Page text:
Israel election: Benjamin Netanyahu's hawkish new coalition bodes ill for the peace process

An administration with ultra-orthodox and right-wing parties has been put together which has only the slightest majority - leaving the PM with an unexpectedly tenuous grip on power

Alistair Dawber,Tovah Lazaroff
Wednesday 06 May 2015 10:55 BST
Benjamin Netanyahu delivering a speech at the first session of the newly elected Knesset in Jerusalem in March; the deadline for the formation of a new government is today
Benjamin Netanyahu delivering a speech at the first session of the newly elected Knesset in Jerusalem in March; the deadline for the formation of a new government is today (Getty Images)

Six weeks after he was declared the clear victor of Israel’s election, Benjamin Netanyahu is expected to unveil a government with only a wafer-thin majority when he attempts to meet the deadline to form a new administration.

The decision by a key right-wing ally not to join the planned right-of-centre coalition means the Israeli Prime Minister will hold an unexpectedly tenuous grip on power, with an expected 61 MPs out of the 120-member Israeli parliament, the Knesset.

Mr Netanyahu’s Likud party surpassed all predictions by winning 30 seats in the March election in what was hailed as a stunning victory. He has until Wednesday evening to present his coalition to Israel’s President, Reuven Rivlin, and is still in negotiations with the right-wing nationalist Jewish Home party, which is believed to have demanded the justice ministry in return for joining the coalition.

But his hope of forming a broader government consisting of right-wing parties was scuppered on Monday when the Foreign Minister and leader of the Yisrael Beiteinu party, Avigdor Lieberman, ruled out joining Mr Netanyahu’s new administration. In the last election, in 2013, Likud and Yisrael Beiteinu stood together on a joint ticket.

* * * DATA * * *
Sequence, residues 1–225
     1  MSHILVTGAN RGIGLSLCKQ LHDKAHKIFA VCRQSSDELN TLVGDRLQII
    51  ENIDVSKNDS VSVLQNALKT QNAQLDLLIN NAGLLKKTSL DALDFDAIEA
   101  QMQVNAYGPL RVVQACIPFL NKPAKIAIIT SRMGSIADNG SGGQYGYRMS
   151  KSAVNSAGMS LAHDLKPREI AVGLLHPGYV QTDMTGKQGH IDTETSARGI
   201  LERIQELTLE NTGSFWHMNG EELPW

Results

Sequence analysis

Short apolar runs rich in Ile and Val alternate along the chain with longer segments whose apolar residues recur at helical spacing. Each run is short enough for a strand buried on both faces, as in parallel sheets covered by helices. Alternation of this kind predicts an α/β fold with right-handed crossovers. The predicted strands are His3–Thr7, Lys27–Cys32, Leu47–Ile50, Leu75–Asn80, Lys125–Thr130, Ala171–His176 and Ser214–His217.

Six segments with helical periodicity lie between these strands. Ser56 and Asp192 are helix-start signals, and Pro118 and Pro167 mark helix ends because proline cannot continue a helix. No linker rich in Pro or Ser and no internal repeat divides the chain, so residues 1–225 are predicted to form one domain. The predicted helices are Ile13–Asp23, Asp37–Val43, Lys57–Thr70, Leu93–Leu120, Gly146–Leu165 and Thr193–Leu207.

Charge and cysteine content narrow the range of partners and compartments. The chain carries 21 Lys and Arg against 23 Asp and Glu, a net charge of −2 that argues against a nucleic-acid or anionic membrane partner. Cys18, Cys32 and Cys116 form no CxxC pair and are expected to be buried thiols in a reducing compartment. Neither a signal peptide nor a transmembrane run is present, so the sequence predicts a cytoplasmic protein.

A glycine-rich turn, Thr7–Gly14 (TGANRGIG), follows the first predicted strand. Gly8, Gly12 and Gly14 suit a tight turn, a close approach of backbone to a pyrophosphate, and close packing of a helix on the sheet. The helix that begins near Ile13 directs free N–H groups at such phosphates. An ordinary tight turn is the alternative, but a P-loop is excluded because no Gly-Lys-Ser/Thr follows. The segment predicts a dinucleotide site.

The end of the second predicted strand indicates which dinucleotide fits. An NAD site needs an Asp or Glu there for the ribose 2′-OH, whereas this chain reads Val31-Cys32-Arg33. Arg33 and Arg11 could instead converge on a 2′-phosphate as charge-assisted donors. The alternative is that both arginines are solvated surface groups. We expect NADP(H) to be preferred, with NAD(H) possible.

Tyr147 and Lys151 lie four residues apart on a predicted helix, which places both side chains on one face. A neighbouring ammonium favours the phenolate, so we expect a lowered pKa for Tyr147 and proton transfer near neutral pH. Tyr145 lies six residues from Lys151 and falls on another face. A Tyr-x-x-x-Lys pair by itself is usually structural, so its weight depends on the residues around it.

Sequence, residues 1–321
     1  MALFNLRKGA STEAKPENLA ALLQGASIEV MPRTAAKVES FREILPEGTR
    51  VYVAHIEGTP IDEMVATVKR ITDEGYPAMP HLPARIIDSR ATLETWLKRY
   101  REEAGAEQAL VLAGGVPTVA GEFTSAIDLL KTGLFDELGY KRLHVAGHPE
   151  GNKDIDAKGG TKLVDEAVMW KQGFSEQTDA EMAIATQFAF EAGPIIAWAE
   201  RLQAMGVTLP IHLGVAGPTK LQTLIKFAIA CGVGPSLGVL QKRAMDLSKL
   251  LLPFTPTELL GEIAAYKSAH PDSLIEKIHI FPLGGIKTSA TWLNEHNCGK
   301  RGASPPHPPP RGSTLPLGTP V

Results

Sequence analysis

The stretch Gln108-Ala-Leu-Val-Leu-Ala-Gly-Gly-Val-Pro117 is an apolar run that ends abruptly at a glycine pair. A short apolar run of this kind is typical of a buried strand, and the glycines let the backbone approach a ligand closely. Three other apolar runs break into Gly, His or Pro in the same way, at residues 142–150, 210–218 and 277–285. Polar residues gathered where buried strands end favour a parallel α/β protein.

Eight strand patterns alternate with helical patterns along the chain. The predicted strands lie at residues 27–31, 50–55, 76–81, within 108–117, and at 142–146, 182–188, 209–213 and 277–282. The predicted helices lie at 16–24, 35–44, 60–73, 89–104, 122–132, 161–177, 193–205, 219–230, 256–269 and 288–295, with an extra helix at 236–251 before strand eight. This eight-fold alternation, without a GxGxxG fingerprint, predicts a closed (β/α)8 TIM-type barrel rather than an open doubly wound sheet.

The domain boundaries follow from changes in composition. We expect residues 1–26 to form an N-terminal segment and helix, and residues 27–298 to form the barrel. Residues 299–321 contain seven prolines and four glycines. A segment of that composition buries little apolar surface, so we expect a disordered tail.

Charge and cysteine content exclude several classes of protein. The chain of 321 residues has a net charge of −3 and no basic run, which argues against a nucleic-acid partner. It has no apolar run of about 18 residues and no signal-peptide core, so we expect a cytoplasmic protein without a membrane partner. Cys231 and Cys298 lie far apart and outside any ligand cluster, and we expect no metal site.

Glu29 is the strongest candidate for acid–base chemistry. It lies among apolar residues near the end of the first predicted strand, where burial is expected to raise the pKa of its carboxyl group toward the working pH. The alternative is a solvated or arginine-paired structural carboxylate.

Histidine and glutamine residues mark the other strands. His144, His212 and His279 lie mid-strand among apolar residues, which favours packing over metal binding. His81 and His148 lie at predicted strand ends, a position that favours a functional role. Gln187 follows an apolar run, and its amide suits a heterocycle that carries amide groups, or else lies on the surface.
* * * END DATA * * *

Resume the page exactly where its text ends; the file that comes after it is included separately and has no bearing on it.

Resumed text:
Israeli Foreign minister and leader of the Yisrael Beiteinu party, Avidgor Lieberman (Getty) (Getty Images)

Explaining his reasons, Mr Lieberman said: “Everything we saw in the agreements with the other parties and everything we didn’t see persuaded me it wouldn’t be a nationalist government but a government of opportunism and conformism.” If Mr Netanyahu fails to find the remaining seats he needs, Mr Rivlin could offer another party leader the chance to form a government, or order fresh elections.

In practice, Mr Netanyahu remains the leader with the best chance of success. He has already signed up the new Kulanu party, led by the former Likud minister Moshe Kahlon, which campaigned on a promise to tackle Israel’s burgeoning cost of living.

Shas and United Torah Judaism, the parties representing the ultra-orthodox communities, will also join the coalition, giving Mr Netanyahu a total of 53 seats.

Talks are continuing, with Jewish Home, which is led by Naftali Bennett, a one-time Netanyahu ally who was once director of the settlers’ Yesha Council. Its eight seats would push Mr Netanyahu’s alliance just across the finishing line in the Knesset.